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July 1, 2022

Comparative Analysis of Hospital Energy Use: Pacific Northwest and Scandinavia

Burpee, Heather; McDade, Erin. (2014). Comparative Analysis of Hospital Energy Use: Pacific Northwest and Scandinavia. Health Environments Research & Design Journal (HERD) (Vendome Group LLC), 8(1), 20 – 44.

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OBJECTIVE: This study aimed to establish the potential for significant energy reduction in hospitals in the United States by providing evidence of Scandinavian operational precedents with high Interior Environmental Quality (IEQ) and substantially lower energy profiles than comparable U.S. facilities. These facilities set important precedents for design teams seeking operational examples for achieving aggressive energy and interior environmental quality goals. This examination of operational hospitals is intended to offer hospital owners, designers, and building managers a strong case and concrete framework for strategies to achieve exceptionally high performing buildings. BACKGROUND: Energy efficient hospitals have the potential to significantly impact the U.S.'s overall energy profile, and key stakeholders in the hospital industry need specific, operationally grounded precedents in order to successfully implement informed energy reduction strategies. This study is an outgrowth of previous research evaluating high quality, low energy hospitals that serve as examples for new high performance hospital design, construction, and operation. Through extensive interviews, numerous site visits, the development of case studies, and data collection, this team has established thorough qualitative and quantitative analyses of several contemporary hospitals in Scandinavia and the Pacific Northwest. Many Scandinavian hospitals demonstrate a low energy profile, and when analyzed in comparison with U.S. hospitals, such Scandinavian precedents help define the framework required to make significant changes in the U.S. hospital building industry. METHODS: Eight hospitals, four Scandinavian and four Pacific Northwest, were quantitatively compared using the Environmental Protection Agency's Portfolio Manager, allowing researchers to answer specific questions about the impact of energy source and architectural and mechanical strategies on energy efficiency in operational hospitals. RESULTS: Specific architectural, mechanical, and plant systems make these Scandinavian hospitals more energy efficient than their Pacific Northwest counterparts. More importantly, synergistic systems integration allows for their significant reductions in energy consumption. CONCLUSIONS: This quantitative comparison of operational Scandinavian and Pacific Northwest hospitals resulted in compelling evidence of the potential for deep energy savings in the U.S., and allowed researchers to outline specific strategies for achieving such reductions.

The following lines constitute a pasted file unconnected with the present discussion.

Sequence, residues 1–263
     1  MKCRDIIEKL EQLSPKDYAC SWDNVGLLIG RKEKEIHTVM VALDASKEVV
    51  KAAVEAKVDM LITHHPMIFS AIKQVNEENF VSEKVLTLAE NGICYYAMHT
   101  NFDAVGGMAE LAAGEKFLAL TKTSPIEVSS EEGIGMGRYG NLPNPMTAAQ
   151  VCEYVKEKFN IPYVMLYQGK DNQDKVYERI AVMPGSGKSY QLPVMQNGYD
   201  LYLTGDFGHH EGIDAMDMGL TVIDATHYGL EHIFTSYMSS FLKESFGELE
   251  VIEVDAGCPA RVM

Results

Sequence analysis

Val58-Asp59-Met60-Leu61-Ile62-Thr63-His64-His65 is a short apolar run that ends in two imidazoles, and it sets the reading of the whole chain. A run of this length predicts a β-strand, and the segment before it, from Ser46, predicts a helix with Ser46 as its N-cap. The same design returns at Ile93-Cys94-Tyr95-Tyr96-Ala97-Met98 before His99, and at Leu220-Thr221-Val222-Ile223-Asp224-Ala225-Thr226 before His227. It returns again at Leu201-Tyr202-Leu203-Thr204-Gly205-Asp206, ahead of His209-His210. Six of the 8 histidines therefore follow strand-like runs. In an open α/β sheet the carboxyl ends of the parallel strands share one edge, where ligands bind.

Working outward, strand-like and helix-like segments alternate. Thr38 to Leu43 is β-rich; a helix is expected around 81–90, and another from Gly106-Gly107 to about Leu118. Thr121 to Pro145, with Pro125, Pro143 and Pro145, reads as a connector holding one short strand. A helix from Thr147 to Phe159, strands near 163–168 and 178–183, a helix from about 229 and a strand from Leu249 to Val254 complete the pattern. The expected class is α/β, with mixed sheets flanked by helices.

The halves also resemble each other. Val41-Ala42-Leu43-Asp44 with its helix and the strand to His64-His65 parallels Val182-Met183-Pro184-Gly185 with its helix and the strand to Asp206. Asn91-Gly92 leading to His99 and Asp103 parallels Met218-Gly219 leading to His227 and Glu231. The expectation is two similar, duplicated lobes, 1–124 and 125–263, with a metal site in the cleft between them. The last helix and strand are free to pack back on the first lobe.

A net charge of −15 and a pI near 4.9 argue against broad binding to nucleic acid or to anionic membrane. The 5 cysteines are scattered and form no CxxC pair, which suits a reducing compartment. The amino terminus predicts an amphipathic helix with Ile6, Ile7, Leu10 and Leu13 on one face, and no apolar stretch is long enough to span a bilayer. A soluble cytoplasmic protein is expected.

Environmental Quality; Energy Consumption; Health Facility Design & Construction; Comparative Studies; Energy Consumption In Hospitals; Pacific Northwest; Scandinavia; Built Environment; Case Study; Design Process; Healthcare Facility Design; Hospital; Post Occupancy